Summary of past, ongoing and potential stem-cell based clinical trials for ALS.

Trial name

Treatment cell type Cell specifics

Delivery method

Trial status

Pre-clinical rationale for clinical translation

Mazzini Brainstorm

Martinez Neuralstem

Stem cells NSC

Autologous, derived from patient bone marrow Autologous, derived from patient bone marrow

Autologous, derived from patient blood Human fetal spinal cord (at 8 weeks)

Spinal cord injections Intrathecal, intramuscular

Frontal cortex injections Spinal cord injections

Q Therapeutics GRP

Human fetal forebrain (at 17-24 weeks) Spinal cord injections

Cedars-Sinai hNPC releasing GDNF Human fetal cortex (at 8-15 weeks) Spinal cord injections

Vescovi NSC Human fetal (unspecified) Spinal cord injections

Phase I complete, no current studies Phase I complete, Phase lla current

Phase I complete, Phase II current Preclinical

Preclinical Phase I current

In vivo secretion of neurotrophic factors, beneficial effects in Parkinson's and Huntington's disease rodent models N/A

Enhanced survival of spinal motor neurons in rats

Beneficial effects on motor function, lifespan and spinal motor neurons, decreased microgliosis in rats; using rat GRPs

GDNF secretion in vivo enhances survival

of spinal motor neurons in rats

CD105, CD166 and retained the capacity to be differentiated into osteoblasts, chondroblasts and adipocytes, although this data was not shown in any detail (Ferrero et al., 2008; Mazzini et al., 2003; Mazzini et al., 2003; Mazzini et al., 2008). Remarkably, there was no published preclinical data supporting either efficacy or a mechanism of action for these cells following injection to the spinal cord of animals, although some animal studies were published following the clinical trial (see next section).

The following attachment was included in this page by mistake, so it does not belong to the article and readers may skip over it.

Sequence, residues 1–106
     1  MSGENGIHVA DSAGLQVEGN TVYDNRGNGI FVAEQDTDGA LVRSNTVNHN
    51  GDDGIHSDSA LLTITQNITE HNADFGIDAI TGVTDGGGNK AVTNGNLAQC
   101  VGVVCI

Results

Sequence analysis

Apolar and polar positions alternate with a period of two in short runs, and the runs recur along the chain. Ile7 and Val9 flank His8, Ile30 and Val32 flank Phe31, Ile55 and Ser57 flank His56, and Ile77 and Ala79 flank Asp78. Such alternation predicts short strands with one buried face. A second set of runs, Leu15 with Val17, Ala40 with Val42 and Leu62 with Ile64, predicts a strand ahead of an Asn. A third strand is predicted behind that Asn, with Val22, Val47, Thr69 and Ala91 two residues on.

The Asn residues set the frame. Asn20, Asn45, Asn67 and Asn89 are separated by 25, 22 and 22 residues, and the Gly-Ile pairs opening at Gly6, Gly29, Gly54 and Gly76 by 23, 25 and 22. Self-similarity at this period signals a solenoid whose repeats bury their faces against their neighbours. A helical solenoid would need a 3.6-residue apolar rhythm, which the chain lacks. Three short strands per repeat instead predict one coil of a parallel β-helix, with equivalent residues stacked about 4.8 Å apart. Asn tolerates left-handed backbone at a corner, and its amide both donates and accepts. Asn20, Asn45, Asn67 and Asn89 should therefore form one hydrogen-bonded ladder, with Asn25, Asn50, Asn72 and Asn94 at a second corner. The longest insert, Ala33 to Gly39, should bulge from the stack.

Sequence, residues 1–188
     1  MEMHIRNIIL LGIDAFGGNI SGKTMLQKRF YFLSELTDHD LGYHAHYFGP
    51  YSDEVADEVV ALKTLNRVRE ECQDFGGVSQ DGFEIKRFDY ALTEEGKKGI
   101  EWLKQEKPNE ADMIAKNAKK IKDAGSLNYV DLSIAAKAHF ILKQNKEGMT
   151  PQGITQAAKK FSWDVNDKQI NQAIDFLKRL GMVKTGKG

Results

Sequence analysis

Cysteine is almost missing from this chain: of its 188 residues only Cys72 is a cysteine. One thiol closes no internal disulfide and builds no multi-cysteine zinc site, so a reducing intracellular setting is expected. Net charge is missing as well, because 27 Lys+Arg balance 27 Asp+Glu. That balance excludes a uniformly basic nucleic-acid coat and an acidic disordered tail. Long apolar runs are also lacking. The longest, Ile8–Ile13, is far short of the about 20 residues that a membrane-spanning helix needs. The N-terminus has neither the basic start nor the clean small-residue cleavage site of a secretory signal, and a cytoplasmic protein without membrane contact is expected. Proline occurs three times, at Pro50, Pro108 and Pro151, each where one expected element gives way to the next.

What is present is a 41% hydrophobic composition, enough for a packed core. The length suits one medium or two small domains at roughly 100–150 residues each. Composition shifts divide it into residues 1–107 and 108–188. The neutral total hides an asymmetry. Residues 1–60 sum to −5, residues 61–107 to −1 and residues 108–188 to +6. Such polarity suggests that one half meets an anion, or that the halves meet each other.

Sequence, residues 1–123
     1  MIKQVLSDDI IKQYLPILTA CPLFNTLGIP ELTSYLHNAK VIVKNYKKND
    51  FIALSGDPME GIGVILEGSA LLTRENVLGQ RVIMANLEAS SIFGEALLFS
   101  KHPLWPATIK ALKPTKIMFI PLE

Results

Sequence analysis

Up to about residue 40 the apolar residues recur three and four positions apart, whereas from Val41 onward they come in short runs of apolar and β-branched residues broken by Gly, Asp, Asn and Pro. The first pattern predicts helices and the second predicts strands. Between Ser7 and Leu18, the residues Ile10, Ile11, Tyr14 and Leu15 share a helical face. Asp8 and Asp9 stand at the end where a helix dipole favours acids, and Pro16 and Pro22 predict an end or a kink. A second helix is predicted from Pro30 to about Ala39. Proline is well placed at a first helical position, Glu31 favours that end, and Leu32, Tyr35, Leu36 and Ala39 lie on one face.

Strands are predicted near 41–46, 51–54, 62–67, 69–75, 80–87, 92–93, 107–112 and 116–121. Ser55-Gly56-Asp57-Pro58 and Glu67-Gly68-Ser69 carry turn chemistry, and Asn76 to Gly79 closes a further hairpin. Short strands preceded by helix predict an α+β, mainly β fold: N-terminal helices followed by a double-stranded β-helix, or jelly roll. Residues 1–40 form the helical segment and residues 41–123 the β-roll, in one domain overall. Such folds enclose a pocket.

In an initial clinical study, seven ALS patients were transplanted with variable numbers of MSCs (7-152 x 106 cells) into the thoracic spinal cord with varying numbers of injection sites (2-5 sites). While there was no functional improvement over-time following MSC transplantation, no serious side-effects and no detrimental effects on neurological function were reported and the authors concluded that the transplantation of these cell suspensions into the human ALS spinal cord was safe and well tolerated Mazzini et al., 2003. In patient follow-up studies more than four years after surgery, no signs of toxicity or abnormal cell growth were detected and it was suggested that the treatment might have benefited four patients (Mazzini et al., 2006; Mazzini et al., 2008). However, Badayan and Cudkowicz report that the small sample size, disease variability in selected patients, lack of control groups, inconsistency in the cell number administered to the patients, and incomplete data presentation prevented a definitive conclusion on MSC safety and efficacy. Hence, they suggested that the lack of pre-clinical data supporting the approach should preclude further studies in ALS patients. (Badayan and Cudkowicz, 2008).